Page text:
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DOM, ThreeJS and now canvas have all had libraries written to provide method chaining (perhaps most familiar from jQuery). Chaining has also been used in core C libraries.

These fluent interfaces avoid unnecessary repetition of the object of interest. Compare:

var cx = cq(640, 480);
cx.drawImage(image, 0, 0);
cx.fillStyle("#ff0000");
cx.fillRect(64, 64, 32, 32);
cx.blur();
cx.appendTo("body");

to:

cq(640, 480)
  .drawImage(image, 0, 0)
  .fillStyle("#ff0000")
  .fillRect(64, 64, 32, 32)
  .blur()
  .appendTo("body");

It could be argued that the former "traditional" style is over-verbose, and violates DRY.

To avoid repetition of the cx variable, some languages allows us to express a set of calls using a with statement:

with ( cq(640, 480) ) {
    drawImage(image, 0, 0);
    fillStyle("#ff0000");
    fillRect(64, 64, 32, 32);
    blur();
    appendTo("body");
}

Whilst Javascript's with statement is dangerous in the presence of typos, Scala's more restrictive with statement is safe to use, and HaXe also offers import of functions to the local scope through its using keyword. Unfortunately Java and C offer no such shortcut, forcing us to choose between traditional code or chaining.

Should language authors consider a safe with-like statement as an alternative to method chaining, or are there good reasons to avoid it? If such a feature is desirable, what form should it take?


One concern I have with method chaining is that the ambiguity about the subject of the later calls in the chain may prevent optimizations previously available when compiling code where repeated use of cx was explicit. For example, if the calls to cx's methods do not overlap, they could be parallelized, but it may be harder for the compiler to be sure of this in the chained example.

Another disadvantage, as rambo points out below, is that methods designed for chaining are unable to return any other value, which seems rather wasteful.

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closed as not constructive by Explosion Pills, Jonathan M, Dagg Nabbit, mgibsonbr, hakre Jan 5 '13 at 2:31

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2  
It's not a missing language feature - jQuery is just JS, so obviously JS allows it... –  nnnnnn Jan 5 '13 at 2:00
4  
IIRC, it's called chaining. You just return this after each method, which allows you to keep calling methods on your object over and over again. You can do it with pretty much any language that supports OOP. It's nice, but keep your use sane (i.e. don't have multi-line chains on one object). –  Blender Jan 5 '13 at 2:00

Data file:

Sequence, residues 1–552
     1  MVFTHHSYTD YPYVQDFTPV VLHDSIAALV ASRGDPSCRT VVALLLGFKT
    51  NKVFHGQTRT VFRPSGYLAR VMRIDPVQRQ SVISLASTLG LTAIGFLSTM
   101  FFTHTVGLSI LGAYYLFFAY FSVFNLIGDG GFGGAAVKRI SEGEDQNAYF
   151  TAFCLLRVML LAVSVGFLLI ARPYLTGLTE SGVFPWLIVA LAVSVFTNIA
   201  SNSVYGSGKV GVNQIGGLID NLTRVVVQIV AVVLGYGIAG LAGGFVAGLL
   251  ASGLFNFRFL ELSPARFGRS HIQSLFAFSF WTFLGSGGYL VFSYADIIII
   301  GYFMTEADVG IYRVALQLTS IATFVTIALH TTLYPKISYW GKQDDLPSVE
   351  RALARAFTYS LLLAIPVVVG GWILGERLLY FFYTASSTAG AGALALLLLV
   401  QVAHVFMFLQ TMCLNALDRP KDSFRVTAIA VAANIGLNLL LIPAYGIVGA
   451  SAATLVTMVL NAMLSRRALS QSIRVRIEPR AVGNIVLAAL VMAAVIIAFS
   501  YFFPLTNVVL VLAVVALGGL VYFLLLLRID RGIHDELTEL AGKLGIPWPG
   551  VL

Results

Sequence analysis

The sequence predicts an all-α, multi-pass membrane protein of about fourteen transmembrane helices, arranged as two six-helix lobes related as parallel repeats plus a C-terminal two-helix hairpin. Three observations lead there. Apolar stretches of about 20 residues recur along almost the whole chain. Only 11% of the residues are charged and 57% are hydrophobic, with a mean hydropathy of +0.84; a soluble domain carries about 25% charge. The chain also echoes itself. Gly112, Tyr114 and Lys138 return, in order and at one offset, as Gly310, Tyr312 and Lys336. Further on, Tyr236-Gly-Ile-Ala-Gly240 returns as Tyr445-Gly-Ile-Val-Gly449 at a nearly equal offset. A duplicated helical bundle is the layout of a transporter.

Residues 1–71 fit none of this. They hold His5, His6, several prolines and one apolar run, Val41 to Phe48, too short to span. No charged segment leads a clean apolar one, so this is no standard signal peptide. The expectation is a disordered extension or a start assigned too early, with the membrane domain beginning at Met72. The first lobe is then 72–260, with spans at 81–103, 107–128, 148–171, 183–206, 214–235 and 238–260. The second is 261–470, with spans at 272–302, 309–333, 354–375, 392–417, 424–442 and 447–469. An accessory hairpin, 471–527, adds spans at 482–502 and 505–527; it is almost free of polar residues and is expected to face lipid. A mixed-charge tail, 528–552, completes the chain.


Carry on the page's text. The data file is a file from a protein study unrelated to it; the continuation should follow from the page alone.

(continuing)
1  
1. I don't know if there is an exact name for it, but I believe most people call it chaining, or function chaining. 2. It's a nice little feature to have, but in most cases, same goes with jQuery, it's a matter of user preference; they have the option to chain or not to chain. –  kennypu Jan 5 '13 at 2:02
1  
@joeytwiddle: Implementing it doesn't replace or really affect the "traditional" style at all, so if you want to, why not? –  Blender Jan 5 '13 at 2:05
1  
@joeytwiddle Totally depends on how the library will be used. (And, obviously, determines how the library will be used.) Some things just make more sense when read as a "fluent interface", and IMO some things don't. –  Dave Newton Jan 5 '13 at 2:06

2 Answers 2

up vote 2 down vote accepted

It's called Method Chaining. It frequently appears in the discussion of a Fluent Interface.

Perhaps the biggest drawback is that you cannot return a value, because you must return the implied object to allow chaining. Not all methods make sense without returning a value, and then you end up with an interface that has some chainable methods, and some not.

I don't think it indicates a missing language feature, because there's no serious loss of functionality without it. But language support for somethign like this might be interesting.

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Interesting that Scala uses its own kind of with statement to achieve this. HaXe actually provides some convenient importing through the using keyword, but that may only be for static functions. –  joeytwiddle Jan 5 '13 at 2:30

It's not a missing language feature, instead it is a language feature. If it was missing then it wouldn't be possible to do it in Javascript.

This is not syntax. Instead, it is a design pattern. And it's called chaining. In fact, there are libraries that implements chaining alone. DED|Chain for example is a library that implementes chaining for YUI2 which was not written with chaining in mind.

A specialized syntax like with (which is indeed implemented in js like you mentioned) is problematic regardless what you call it (you suggested using the name "on" but it will have all the problems that "with" has).

The problem is, inside a code block, it can be confusing to a human (the compiler is not confused) weather the method or variable refers to method of the object or if there was a typo and it accidentally refers to a global variable or a variable that is not part of the object but is in scope.

Of course, you could say that it is the job of the programmer to make sure that they don't use variable and method names that may cause confusion. In which case you can use with.

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I suppose my on statement would differ from with in that it would demand every line be an access to a property of the object. It would strictly deal with the repeated cx.a(); cx.b(); issue, and would allow only calls or assignments. For example: on (elem.style) { position="fixed"; top=20; left=40; setTimeout();/*not_found*/ } –  joeytwiddle Jan 5 '13 at 2:22

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